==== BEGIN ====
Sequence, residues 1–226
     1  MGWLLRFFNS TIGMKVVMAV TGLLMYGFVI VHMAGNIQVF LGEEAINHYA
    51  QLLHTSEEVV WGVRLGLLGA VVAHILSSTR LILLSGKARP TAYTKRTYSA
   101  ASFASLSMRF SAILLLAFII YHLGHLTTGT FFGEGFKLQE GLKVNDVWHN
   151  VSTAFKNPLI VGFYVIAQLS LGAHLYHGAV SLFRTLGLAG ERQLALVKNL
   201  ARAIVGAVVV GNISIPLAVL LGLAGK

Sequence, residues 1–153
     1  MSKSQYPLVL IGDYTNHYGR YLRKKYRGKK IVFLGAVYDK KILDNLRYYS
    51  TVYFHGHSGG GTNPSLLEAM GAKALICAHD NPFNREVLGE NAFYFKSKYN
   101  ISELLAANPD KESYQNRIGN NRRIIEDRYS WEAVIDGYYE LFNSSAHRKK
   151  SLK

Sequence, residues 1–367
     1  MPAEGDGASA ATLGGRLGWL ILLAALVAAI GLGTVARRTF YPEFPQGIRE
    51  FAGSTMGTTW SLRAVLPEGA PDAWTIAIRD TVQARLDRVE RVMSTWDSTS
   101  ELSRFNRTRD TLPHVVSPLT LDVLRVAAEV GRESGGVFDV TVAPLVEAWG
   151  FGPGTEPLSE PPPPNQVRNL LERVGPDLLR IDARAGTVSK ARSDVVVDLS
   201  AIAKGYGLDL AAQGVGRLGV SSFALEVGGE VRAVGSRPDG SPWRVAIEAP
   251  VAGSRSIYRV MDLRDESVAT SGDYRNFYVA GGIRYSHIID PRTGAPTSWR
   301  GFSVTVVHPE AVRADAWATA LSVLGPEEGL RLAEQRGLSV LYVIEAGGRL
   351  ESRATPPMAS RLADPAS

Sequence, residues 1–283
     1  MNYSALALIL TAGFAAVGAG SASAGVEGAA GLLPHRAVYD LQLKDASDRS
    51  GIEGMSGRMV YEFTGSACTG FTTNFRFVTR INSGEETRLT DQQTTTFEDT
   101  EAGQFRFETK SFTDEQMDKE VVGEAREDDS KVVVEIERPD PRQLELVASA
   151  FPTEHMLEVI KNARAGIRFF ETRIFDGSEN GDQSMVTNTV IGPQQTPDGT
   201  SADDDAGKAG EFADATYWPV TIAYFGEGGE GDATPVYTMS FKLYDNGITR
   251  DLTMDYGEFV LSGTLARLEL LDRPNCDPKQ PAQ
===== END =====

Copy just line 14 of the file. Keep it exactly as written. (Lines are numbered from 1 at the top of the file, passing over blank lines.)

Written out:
    51  FAGSTMGTTW SLRAVLPEGA PDAWTIAIRD TVQARLDRVE RVMSTWDSTS